Edamame beans, typically grown in Asia, are exploding in popularity as a healthy snack. However, now they’re not just being imported, they’re being grown in the U.S. as well.
Ray Chung's family has been in the food business for more than 30 years and a few years ago, they decided to produce edamame on American soil, instead of importing it from China. After months of research, the Chungs opened their first edamame factory in Mulberry, Arkansas, which is a huge surprise to most people.
“I get that reaction from a lot of people when I tell them about Arkansas edamame,” said Chung. “But, what we're trying to do is we're trying to change that around so that when you think of edamame, you think of Arkansas just like Idaho potatoes or Washington apples.”
As unlikely as that might seem, Arkansas and edamame turned out to be the perfect fit as it has both the ideal climate and soil.
“One thing we noticed in our first crop is that the edamame just simply taste better,” said Chung. “It's sweeter.”
Arkansas is the tenth largest producer of soybeans in the country, but just not the kind we eat. Those beans will be turned into oil or animal feed. Edamame is just a different strain of the soybean that farmers here already grow, an edible version.
Although he had never heard of an edamame bean, lifelong Arkansas farmer Herbie Ault signed up to work with Chung anyway. He dedicated 200 acres of his own farmland to growing edamame last year.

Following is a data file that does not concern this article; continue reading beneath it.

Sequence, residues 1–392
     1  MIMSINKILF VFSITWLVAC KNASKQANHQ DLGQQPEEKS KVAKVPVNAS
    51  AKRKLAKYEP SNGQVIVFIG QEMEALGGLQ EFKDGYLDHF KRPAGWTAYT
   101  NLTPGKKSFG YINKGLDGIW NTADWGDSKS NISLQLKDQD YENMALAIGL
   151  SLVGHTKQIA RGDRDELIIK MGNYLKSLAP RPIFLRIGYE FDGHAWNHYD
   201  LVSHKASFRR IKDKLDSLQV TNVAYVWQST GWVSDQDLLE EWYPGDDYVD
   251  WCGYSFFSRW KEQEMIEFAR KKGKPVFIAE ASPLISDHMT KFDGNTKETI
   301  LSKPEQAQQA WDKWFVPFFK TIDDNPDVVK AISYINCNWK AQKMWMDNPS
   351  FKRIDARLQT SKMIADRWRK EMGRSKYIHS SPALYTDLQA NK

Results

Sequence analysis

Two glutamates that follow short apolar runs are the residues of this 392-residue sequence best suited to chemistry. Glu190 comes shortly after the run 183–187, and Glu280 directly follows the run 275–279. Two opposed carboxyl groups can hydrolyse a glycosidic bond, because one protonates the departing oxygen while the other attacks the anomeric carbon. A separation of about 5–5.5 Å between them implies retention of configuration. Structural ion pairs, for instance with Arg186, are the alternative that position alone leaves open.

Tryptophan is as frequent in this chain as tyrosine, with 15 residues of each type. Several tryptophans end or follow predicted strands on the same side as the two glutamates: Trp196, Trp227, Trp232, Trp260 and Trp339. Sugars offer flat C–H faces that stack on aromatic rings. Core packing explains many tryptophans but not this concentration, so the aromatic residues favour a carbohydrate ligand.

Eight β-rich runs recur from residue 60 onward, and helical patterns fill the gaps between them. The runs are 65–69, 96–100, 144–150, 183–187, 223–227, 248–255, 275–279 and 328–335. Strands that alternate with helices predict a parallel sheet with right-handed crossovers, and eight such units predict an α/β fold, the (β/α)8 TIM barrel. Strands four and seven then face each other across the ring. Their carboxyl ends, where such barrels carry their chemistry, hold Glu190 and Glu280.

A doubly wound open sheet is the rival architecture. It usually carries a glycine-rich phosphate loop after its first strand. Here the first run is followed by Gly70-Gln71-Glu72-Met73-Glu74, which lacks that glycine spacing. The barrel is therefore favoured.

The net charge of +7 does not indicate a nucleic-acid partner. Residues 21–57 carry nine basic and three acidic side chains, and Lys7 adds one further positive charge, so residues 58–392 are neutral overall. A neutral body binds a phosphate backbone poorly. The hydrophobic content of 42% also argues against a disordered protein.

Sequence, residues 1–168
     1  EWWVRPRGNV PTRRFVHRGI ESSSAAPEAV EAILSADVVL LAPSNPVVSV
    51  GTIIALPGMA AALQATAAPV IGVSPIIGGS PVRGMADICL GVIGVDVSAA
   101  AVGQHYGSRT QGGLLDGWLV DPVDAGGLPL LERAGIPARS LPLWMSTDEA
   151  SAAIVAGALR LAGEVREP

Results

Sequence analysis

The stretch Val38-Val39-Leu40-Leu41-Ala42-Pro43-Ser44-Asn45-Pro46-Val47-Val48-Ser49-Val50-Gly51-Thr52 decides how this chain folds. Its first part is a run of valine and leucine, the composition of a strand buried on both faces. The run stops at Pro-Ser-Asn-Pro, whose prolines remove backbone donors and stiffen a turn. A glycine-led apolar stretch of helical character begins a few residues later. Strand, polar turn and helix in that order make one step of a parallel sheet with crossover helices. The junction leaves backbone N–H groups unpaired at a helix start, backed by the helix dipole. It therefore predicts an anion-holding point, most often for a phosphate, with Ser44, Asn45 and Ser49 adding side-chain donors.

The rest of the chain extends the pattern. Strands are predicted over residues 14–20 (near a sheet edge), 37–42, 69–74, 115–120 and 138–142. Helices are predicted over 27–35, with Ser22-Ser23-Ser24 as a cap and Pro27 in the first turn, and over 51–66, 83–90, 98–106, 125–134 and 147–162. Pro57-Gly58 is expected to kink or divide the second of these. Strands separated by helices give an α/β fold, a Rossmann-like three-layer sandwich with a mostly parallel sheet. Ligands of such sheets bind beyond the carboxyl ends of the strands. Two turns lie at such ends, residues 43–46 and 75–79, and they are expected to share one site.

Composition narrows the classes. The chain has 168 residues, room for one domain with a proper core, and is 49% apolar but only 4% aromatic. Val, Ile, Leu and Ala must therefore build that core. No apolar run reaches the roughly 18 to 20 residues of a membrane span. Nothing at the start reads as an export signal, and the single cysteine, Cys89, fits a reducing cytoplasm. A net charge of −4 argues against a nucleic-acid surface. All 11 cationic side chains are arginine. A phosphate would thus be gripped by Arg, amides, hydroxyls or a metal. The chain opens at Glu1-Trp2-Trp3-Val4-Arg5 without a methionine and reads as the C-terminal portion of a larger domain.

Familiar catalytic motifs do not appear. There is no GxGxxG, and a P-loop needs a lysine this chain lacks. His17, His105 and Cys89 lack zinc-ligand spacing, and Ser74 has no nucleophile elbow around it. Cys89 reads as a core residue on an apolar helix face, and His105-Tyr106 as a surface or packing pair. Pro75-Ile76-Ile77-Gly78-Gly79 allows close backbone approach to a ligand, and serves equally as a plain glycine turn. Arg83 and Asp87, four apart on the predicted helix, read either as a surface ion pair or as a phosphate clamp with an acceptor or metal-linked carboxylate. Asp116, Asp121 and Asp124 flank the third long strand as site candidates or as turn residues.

He told CBS News’ Manuel Bojorquez that there is a buzz within the farming community.
“Mostly the buzz ends with how much are you making,” said Ault. “And all I can say about that is we're happy with what it's doing.”
Ault wants to grow more edmame next season and Chung says the demand is there. Low in calories, high in protein and fiber, edamame is praised as a "superfood.” In 2012 Americans consumed between 25,000 to 30,000 tons of the frozen bean.
Jeremy Ross is a soybean researcher at the University of Arkansas where a team tested growing edamame in southern soil. He told Bojorquez that having this crop in the state is “very important.”
“Anything a farmer can do to diversify his portfolio of crops is going to make him a better farmer, a better manager,” said Ross.
Yet, it wasn't just the soil in Arkansas that was right for growing edamame, it was also the politics.
Mulberry mayor Gary Baxter worked with state officials to bring Chung's company to the area. In a town of 1,600 people, the factory has created close to 100 jobs.
“It has changed the town for the better,” he said. “When you've got a company that’s just bringing in jobs and then expanding to bring in more jobs - we’re just happy it’s here in Mulberry.”
Chung told Bojorquez that his customers wanted edamame produced in the United States as well.
“I think as Americans become more aware of where our food is coming from, they really want made in the USA,” he said.
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